Many donors have gone above and beyond to help nonprofit organizations this past year, despite everything that’s been going on. Often in times of crisis, people find ways to help.
This means you need to go above and beyond when you thank them. Are you doing that? Most likely, you’re not. I know running your organization is harder now, but you need to ramp up your gratitude practice.
Thanking your donors is not a we do this after we receive a donation and then we don’t have to do anything for awhile situation.
Gratitude is something you need to show all year-round and with Valentine’s Day coming up, it’s a perfect opportunity to thank your donors and show how much you appreciate their support.
Maybe you would rather not go the Valentine’s Day route, which is understandable. But you should still do something to show appreciation this month (and every month). The holidays are over and February can be a dreary month, even in the best of times. Your donors could use a little kindness right now.
This is also a good opportunity to keep in touch with the people who gave to your year-end appeal, especially first-time donors. If you haven’t shown any appreciation since your year-end appeal, don’t wait much longer.
Here are a few ways you can let your donors know how much you appreciate them.
Create a thank you photo
Make your donor’s day with a great photo like this one.
You can send thank you photos via email and social media, use one to create a card, and include one on your thank you landing page.
Make a video
Videos are a great way to connect with your donors. They’re simple, yet effective, so don’t worry if you weren’t a film major. It’s not too hard to create a video.
One idea for your video is to show a bunch of people saying thank you. You’ll want your video to be short, donor-centered, and show your organization’s work up close and personal. You can also create personalized videos, which would be a nice gesture right now.
Your thank you landing page is a perfect place to put a video. This is your first opportunity to say thank you and most landing pages are just boring receipts (and receipts don’t cut it as a way to show gratitude). You can also put your thank you video on your website and share it by email and social media.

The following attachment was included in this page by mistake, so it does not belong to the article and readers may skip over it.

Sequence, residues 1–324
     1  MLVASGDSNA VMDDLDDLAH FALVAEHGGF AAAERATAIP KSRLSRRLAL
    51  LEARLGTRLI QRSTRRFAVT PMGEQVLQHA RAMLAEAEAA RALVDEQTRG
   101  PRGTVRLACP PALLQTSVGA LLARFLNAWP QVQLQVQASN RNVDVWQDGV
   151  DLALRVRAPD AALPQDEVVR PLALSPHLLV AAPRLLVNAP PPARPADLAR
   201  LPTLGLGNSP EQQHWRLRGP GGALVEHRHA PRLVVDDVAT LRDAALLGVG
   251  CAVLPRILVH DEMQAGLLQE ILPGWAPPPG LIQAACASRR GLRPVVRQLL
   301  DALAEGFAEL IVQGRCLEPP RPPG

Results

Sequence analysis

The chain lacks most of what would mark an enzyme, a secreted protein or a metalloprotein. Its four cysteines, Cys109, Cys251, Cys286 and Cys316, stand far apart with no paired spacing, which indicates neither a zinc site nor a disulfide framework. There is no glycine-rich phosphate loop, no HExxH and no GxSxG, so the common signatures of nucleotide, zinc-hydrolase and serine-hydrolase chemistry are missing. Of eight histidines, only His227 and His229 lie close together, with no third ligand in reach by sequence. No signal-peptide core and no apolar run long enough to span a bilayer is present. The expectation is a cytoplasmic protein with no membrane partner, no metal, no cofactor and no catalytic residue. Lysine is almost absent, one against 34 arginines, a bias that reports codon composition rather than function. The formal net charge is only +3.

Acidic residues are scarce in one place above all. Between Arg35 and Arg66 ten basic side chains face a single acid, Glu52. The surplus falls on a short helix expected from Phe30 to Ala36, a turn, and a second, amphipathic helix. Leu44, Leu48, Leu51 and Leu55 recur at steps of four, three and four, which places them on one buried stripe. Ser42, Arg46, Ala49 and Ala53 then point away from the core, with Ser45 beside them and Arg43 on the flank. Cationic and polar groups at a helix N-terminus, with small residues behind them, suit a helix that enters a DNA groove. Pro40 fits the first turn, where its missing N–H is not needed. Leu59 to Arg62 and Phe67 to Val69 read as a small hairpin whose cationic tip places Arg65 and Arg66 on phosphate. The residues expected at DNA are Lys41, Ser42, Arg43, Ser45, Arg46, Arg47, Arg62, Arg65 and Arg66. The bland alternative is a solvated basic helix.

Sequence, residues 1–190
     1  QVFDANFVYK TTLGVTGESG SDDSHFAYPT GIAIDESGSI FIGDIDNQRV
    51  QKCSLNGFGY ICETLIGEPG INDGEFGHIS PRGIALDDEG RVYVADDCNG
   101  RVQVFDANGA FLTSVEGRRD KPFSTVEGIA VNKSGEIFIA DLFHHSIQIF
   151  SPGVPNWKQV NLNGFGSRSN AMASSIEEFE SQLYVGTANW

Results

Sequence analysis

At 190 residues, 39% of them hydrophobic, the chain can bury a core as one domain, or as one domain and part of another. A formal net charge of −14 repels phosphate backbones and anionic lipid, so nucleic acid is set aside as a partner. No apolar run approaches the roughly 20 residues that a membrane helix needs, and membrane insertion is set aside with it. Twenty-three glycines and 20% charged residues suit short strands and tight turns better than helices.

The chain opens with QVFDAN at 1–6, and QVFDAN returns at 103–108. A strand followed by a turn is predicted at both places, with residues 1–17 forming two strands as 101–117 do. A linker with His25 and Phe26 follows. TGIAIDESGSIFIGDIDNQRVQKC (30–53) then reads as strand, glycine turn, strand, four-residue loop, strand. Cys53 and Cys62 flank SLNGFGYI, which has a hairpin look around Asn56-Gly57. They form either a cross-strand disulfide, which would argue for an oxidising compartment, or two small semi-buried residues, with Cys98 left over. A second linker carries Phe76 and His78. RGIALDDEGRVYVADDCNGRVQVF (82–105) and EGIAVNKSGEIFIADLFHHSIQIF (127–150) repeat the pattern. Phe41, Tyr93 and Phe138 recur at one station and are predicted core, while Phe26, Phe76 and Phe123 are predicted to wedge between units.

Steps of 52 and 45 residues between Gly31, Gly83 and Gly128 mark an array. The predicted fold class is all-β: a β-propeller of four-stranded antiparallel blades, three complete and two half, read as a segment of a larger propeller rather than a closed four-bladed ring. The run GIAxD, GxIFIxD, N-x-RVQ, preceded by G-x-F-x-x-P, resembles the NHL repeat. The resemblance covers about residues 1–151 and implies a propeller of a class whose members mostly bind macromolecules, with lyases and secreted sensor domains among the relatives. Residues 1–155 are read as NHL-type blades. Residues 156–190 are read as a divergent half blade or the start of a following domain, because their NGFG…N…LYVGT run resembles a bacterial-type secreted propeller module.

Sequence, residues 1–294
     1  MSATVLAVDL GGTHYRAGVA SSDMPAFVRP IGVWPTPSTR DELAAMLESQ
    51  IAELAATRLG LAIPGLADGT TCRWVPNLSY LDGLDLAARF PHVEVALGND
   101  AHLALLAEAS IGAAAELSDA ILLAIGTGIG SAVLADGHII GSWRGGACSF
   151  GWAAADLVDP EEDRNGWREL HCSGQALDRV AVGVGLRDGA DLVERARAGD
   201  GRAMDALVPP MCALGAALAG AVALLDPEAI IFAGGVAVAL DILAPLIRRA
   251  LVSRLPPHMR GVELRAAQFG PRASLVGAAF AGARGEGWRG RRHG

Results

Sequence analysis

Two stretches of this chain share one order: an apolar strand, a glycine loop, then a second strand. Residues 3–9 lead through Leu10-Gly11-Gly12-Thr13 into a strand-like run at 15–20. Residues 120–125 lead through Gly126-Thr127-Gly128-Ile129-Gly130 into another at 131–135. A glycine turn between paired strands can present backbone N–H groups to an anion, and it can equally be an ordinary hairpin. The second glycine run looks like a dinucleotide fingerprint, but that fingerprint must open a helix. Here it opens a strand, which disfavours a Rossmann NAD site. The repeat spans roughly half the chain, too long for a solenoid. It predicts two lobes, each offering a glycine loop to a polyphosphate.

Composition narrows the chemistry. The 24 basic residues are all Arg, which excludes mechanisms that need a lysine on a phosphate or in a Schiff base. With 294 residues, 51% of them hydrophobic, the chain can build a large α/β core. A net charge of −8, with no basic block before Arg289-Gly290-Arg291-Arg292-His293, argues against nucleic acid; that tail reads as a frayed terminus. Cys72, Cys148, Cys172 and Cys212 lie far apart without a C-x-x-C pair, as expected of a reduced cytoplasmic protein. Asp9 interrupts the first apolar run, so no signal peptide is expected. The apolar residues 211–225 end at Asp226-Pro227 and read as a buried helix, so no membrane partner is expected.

Send a card
A handwritten note will also brighten your donor’s day. If you don’t have the budget to send cards to everyone, send them to your most valuable donors. These may not be the ones who give you the most money. Do you have donors who have supported your organization for more than three years? How about more than five years? These are your valuable donors. Other valuable donors are the ones who have been generous since the pandemic started. Don’t take any of these donors for granted.
That said, I do think you should make every effort to send a card to ALL your donors at least once a year. You can spread it out so you mail a certain number of cards each month, ensuring all your donors get one sometime in the year.
Most organizations don’t send thank you cards, so you’ll stand out if you do.
Share an update
In addition to saying thank you, share a brief update on your success and challenges. Emphasize how you couldn’t have helped someone without your donor’s support. For example –Thanks to you, Jenna won’t go to bed hungry tonight. It’s been tough for her family since her mother lost her job last year.
Phrases like Thanks to you or Because of you should dominate your newsletters and updates.
Aim to do better
Make this the year you do a better job of thanking your donors. Thank your donors right away and send a thank you note/letter or make a phone call. Electronic thank yous aren’t good enough.
Be personal and conversational when you thank your donors. Don’t use jargon or other language they won’t understand. Write from the heart, but be sincere. Give specific examples of how your donors are helping you make a difference.
Also, make sure your thank you note/letter puts gratitude front and center. You don’t need to explain what your organization does, brag, or ask for another donation. You have plenty of opportunities to ask for donations. Your thank you letter should be all about thanking your donors.
Thanking your donors needs to be a priority
I’m a big proponent of communicating by mail, even if it’s only a few times a year. It’s much more personal. Yet, many nonprofits are skittish about spending too much on mailing costs.
If your budget doesn’t allow you to mail handwritten cards, is there a way you can change that? You may be able to get a print shop to donate cards. You could also look for additional sources of unrestricted funding to cover cards and postage. Think of these as essential expenses for your essential donors.
Maybe you need a change of culture – a culture of gratitude. This comes from the top, but you also need to get your board, all staff, and volunteers invested and involved in thanking your donors.
You can’t say thank you enough. Make a commitment to thank your donors at least once a month. Create a thank you plan to help you with this. Planning ahead and creating systems makes a difference.
Keep thinking of ways to let your donors know how much you appreciate them. You don’t even need to wait for a holiday or special occasion. Just thank your donors because they’re amazing and you wouldn’t be able to make a difference without them.